Godwin Heights — “I need two three/fives and two six/twelves,” shouts Godwin Middle School teacher Patrick Snyder, while in the distance you can hear another teacher ask for “four six/twelves.”
Within a couple seconds, a group of Godwin staff members are at Snyder’s side handing him several goody bags, designated for third through fifth graders and sixth through 12th graders.
“I think Chick-Fil-A has some competition,” said West Godwin teacher Marisa Brown with a laugh.
On this cold, very windy Thursday, it was not sandwiches that the Godwin Heights staff was handing out, but some holiday cheer as students, staff and families prepared for the winter break.
A Longer Christmas List This Year
Earlier this year, the Kent School Services Network staff serving Godwin Heights was looking for something that would be fun for both staff and students.
“We as a KSSN staff see that students are really struggling this year,” said Sarah Schantz, a KSSN community school coordinator.“We have been in this pandemic for almost two years now and things don’t really seem to be getting better, and we can see that hopelessness and struggle to deal with everything in the world in all of our students. And that means our staff has to deal with it too in the classroom.”
For several years, the high school hosted Holiday Home Visits, where through a sign-up, staff would visit a home and bring the children a small gift. Due to COVID, last year’s event was changed to a drive through. So with KSSN community school coordinators Miriam Kluitenberg and Kelsey Gruber, Schantz worked to expand the high school event into a district-wide one.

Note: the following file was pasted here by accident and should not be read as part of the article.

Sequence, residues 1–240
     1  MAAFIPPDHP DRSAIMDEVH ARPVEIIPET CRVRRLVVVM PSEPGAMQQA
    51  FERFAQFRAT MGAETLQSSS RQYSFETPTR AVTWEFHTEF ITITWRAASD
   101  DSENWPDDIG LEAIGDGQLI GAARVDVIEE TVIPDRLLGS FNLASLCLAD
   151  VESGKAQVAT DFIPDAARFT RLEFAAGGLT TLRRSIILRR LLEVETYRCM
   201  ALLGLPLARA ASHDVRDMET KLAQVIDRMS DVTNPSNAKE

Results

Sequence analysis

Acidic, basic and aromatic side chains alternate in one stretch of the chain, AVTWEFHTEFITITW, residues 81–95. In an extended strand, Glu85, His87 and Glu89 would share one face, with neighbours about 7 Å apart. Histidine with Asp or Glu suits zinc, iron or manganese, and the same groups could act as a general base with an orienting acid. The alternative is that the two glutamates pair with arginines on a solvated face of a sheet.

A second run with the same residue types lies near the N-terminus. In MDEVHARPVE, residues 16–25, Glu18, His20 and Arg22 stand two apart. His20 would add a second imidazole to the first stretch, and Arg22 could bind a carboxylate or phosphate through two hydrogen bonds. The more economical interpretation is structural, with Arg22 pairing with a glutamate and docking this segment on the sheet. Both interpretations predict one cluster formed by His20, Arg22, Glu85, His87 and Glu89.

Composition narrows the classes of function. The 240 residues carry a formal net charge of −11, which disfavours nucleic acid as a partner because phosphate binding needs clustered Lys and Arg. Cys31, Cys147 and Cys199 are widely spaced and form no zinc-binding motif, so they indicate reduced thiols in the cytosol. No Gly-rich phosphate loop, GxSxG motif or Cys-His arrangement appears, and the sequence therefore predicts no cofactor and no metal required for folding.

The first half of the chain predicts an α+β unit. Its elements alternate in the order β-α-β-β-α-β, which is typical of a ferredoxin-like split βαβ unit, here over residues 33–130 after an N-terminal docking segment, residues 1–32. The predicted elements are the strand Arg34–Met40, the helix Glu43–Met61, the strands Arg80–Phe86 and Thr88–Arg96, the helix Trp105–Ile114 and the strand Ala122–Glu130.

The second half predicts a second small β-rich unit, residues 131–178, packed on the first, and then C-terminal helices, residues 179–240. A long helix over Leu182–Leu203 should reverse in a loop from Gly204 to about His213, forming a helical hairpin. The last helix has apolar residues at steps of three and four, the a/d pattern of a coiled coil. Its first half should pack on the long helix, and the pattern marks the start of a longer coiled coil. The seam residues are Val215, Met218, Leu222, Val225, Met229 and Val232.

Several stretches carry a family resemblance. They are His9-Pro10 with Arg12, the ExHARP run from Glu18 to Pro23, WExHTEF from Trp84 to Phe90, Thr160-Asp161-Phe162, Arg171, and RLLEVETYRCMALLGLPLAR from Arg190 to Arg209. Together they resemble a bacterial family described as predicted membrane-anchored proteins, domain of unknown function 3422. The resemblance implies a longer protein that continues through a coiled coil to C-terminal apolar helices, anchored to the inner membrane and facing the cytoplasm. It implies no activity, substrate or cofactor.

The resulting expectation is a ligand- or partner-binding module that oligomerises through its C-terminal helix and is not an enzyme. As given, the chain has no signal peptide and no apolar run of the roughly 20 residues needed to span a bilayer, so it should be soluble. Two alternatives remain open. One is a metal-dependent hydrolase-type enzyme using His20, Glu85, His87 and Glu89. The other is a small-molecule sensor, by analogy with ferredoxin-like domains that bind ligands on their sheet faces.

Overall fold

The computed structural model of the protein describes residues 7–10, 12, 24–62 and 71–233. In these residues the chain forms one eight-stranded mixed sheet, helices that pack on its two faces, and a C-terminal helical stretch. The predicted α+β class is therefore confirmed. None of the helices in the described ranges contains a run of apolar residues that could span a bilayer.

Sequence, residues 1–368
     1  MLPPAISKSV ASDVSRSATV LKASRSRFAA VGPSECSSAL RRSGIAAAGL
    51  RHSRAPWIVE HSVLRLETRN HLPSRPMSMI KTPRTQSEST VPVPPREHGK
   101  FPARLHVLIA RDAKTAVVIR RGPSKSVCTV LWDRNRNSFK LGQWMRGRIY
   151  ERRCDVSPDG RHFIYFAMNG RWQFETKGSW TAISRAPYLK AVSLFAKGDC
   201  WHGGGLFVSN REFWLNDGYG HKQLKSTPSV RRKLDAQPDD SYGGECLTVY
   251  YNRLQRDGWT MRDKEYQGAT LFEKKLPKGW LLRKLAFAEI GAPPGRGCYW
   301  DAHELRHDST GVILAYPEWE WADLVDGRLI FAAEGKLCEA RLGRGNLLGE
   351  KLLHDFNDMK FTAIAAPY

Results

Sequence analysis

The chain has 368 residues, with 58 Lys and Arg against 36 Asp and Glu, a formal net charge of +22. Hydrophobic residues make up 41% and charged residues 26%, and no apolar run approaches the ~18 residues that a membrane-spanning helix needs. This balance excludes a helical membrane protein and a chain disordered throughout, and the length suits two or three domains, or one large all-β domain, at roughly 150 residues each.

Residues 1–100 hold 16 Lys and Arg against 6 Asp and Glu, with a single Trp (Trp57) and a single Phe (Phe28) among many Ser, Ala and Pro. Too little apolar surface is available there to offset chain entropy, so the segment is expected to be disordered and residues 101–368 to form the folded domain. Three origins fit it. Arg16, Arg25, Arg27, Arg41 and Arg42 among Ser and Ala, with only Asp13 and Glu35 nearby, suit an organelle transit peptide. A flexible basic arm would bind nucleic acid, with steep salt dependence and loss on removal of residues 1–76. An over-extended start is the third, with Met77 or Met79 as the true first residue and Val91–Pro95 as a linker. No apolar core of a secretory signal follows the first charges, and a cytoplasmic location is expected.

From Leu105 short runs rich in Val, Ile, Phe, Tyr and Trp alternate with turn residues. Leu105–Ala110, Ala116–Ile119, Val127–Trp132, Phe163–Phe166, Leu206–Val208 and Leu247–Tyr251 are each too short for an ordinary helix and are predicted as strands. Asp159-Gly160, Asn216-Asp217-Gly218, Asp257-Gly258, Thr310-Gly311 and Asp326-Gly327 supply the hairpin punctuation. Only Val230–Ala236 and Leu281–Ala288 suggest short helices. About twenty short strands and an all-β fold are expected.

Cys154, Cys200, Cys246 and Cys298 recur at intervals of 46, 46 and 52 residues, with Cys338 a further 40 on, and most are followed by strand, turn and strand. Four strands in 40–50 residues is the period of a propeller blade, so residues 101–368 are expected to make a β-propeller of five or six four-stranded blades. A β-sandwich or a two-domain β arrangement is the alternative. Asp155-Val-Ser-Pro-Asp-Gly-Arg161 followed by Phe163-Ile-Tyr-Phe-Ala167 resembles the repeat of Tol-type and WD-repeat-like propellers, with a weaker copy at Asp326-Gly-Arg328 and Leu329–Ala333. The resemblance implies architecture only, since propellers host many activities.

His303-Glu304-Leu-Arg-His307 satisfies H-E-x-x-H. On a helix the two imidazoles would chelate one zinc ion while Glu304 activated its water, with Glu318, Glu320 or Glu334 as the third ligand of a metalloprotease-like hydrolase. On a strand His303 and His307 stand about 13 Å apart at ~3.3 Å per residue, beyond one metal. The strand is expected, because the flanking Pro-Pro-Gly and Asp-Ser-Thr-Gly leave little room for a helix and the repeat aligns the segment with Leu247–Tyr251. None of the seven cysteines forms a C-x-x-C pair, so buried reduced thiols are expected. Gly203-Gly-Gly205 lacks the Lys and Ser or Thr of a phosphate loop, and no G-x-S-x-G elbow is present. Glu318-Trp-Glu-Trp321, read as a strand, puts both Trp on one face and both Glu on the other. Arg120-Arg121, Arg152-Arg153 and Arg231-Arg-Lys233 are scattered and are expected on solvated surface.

“I think this is awesome that we are able to provide to all of our families at the same time and that it could be made a district-wide event,” said Middle/High School Principal Chad Conklin, who wore a special Santa outfit.
“We look for ways to be able to connect with our families which has been really hard due to COVID and not being able to have parents in the buildings,” said West Godwin Principal Mary Lang, who dressed as Mrs. Claus. “This is a great opportunity to make those connections.”
The KSSN coordinators sent out a signup form with 750 students signing up to participate. The group then spent about a month gathering donations from local community partners to help fill goody bags for each student.
Each bag had a pack of 10 reusable masks, Lysol wipes, hot chocolate, microwave popcorn, candy canes, holiday candy, hat and gloves, YMCA day passes, crayons, a book, and items from various community partners such as keychains, pens, etc. The bags were separated by grade so students would receive age-appropriate items such as older students might find in their bags sticky notes or doodling pads.
The volunteer sheet to “work” the event filled up within a couple of days with many staff members asking if there were other roles they could fill, Schantz said, adding that it highlighted the desire for “something positive and joyful, especially with a holiday season coming that feels difficult in this current world we are in.”
Spreading Holiday Cheer
“Mrs. Bowen, I finished it,” says the little boy from the backseat of the car as he lifts a book to the window.
“What, you have?” North Godwin teacher Lindsay Bowen responds. In the next car, a student is waving to her, and she smiles and waves back.
“I have been with the district for about five years, serving in the middle school and now at North Godwin,” she said. “I know a lot of the students from kindergarten through eighth grade, so it is fun seeing them and spreading some holiday cheer.”
At the event, there is certainly a lot of holiday cheer. With seasonal music in the background, the staff continues to scurry like elves as the cars keep coming.
“Happy holidays,” Conklin says as he hands out candy canes. Lang waves. Snyder and others continue to shout out numbers and, at times, the laughter almost drowns out the wind.
“This is the one email that I look for every year,” Snyder said. “This is just fantastic. It is just such a cool way to celebrate with our families.”
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